Rethinking Tax Nexus and Apportionment: Voice, Exit and the Dormant Commerce Clause
Edward A. Zelinsky
Yeshiva University - Benjamin N. Cardozo School of Law
Cardozo Legal Studies Research Paper No. 214
The dormant Commerce Clause concept of tax nexus is best understood as a rough, but serviceable, proxy for the taxpayer's standing in the political process. This perspective leads me to defend Quill Corporation v. North Dakota and the much maligned physical presence test for tax nexus. As a matter of legislative policy, the critics of this test may be correct. However, as a matter of constitutional law, the courts should adhere to an expanded physical presence standard as Congress crafts for the long term broader nexus rules based on economic presence. Taxation is an inherently and irreducibly political matter. An expanded notion of physical presence is a rough, but serviceable, proxy for taxpayers' practical abilities to protect themselves in the political process of the taxing state. A physical presence test for tax nexus thereby protects, albeit imperfectly, against the modern version of taxation without effective representation.
In similar fashion, the dormant Commerce Clause rule of tax apportionment serves four functions. First, apportionment constrains a state from exporting taxes by targeting immobile taxpayers who lack practical exit options to leave the state. Second, apportionment minimizes the out-of-state disruption stemming from taxpayer exit, by ameliorating the mobile taxpayer's need to depart the taxing jurisdiction. Third, the constitutional principle of apportionment, by minimizing interstate actors' state tax burdens, encourages entry by such actors and thus facilitates the interstate mobility of persons and capital. Finally, by curtailing the exit of the most tax-sensitive persons, apportionment bolsters the voices for tax-restraint within the taxing state's political process.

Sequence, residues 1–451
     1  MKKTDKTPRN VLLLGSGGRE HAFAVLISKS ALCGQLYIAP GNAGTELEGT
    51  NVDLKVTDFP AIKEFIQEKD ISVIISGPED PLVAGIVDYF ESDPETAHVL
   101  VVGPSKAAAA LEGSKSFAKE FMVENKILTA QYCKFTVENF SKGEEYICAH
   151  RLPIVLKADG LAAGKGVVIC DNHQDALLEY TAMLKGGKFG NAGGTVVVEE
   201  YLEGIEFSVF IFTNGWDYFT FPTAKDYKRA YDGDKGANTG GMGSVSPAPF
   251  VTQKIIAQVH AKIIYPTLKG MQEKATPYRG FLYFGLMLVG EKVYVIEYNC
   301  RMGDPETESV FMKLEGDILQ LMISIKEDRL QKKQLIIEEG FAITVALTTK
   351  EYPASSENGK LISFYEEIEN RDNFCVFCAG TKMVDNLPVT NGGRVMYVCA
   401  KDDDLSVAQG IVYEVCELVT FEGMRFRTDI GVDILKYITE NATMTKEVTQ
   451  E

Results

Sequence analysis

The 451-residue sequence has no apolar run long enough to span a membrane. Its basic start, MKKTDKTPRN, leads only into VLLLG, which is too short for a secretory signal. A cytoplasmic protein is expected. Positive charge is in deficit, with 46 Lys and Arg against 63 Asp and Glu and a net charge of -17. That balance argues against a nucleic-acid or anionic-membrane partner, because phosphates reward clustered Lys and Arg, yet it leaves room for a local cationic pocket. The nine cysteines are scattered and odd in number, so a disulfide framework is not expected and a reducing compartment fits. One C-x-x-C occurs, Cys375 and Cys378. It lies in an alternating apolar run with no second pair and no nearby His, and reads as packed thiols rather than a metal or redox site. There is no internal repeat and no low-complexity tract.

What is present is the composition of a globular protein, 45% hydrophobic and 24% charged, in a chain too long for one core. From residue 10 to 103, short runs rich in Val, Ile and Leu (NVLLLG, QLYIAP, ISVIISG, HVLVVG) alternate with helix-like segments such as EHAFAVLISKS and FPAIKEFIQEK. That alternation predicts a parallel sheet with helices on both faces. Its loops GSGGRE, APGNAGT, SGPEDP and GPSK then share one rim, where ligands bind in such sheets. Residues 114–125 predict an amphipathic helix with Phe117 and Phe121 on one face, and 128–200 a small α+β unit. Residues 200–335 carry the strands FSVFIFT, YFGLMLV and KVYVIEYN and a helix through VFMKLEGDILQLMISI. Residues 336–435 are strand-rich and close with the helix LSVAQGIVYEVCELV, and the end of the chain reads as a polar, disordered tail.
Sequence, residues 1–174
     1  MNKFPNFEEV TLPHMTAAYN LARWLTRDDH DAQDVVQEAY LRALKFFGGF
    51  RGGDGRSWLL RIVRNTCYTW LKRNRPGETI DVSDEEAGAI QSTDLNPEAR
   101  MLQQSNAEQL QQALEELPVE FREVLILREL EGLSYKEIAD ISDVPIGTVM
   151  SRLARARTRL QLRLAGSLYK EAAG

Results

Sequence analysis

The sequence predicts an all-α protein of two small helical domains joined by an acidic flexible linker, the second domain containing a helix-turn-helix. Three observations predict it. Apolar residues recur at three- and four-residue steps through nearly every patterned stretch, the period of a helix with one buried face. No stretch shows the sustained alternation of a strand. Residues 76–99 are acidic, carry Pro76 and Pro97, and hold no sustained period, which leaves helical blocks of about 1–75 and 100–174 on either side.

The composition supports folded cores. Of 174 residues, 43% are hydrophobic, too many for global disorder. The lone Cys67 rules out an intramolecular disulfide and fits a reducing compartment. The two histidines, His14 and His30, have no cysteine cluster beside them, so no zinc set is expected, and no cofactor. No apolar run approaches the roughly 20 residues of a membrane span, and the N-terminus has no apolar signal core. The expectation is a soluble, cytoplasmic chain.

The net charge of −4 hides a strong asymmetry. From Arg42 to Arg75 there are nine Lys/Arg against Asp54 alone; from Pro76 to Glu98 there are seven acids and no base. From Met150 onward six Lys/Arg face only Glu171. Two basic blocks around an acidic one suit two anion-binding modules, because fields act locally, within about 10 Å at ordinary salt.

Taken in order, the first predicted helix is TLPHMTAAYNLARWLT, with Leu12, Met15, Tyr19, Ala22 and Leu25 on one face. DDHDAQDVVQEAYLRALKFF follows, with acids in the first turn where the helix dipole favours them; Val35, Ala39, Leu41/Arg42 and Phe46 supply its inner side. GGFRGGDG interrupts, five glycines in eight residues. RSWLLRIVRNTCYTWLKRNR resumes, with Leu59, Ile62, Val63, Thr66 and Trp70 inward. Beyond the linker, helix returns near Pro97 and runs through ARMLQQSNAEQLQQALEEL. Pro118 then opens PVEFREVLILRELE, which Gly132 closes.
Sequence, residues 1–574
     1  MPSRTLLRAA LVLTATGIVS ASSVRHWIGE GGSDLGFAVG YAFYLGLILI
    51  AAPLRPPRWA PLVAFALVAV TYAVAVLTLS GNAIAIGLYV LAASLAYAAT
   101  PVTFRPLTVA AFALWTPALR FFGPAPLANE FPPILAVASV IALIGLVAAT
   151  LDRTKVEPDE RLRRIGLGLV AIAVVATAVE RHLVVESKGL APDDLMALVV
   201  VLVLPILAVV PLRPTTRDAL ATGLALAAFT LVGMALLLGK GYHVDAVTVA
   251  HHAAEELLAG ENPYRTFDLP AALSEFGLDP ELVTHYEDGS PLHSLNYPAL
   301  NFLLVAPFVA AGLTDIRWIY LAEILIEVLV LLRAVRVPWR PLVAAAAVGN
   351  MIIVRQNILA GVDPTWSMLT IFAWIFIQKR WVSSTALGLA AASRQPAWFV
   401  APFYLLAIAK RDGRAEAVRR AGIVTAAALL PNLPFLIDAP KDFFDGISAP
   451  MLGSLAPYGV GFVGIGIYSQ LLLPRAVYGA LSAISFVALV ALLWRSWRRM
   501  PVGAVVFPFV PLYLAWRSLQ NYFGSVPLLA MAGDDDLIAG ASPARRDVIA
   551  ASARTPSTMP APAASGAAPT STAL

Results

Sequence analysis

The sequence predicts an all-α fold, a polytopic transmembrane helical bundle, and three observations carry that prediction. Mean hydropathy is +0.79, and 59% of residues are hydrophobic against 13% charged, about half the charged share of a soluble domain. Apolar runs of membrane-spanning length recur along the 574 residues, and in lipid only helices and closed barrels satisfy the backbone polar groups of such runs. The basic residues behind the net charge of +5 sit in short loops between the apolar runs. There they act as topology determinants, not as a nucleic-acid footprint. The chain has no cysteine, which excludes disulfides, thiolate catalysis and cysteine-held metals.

Number of Pages in PDF File: 132
Keywords: dormant commerce clause, tax nexus, state taxation, apportionment
Date posted: January 30, 2008 ; Last revised: September 27, 2008
© 2015 Social Science Electronic Publishing, Inc. All Rights Reserved.
This page was processed by apollo1 in 0.344 seconds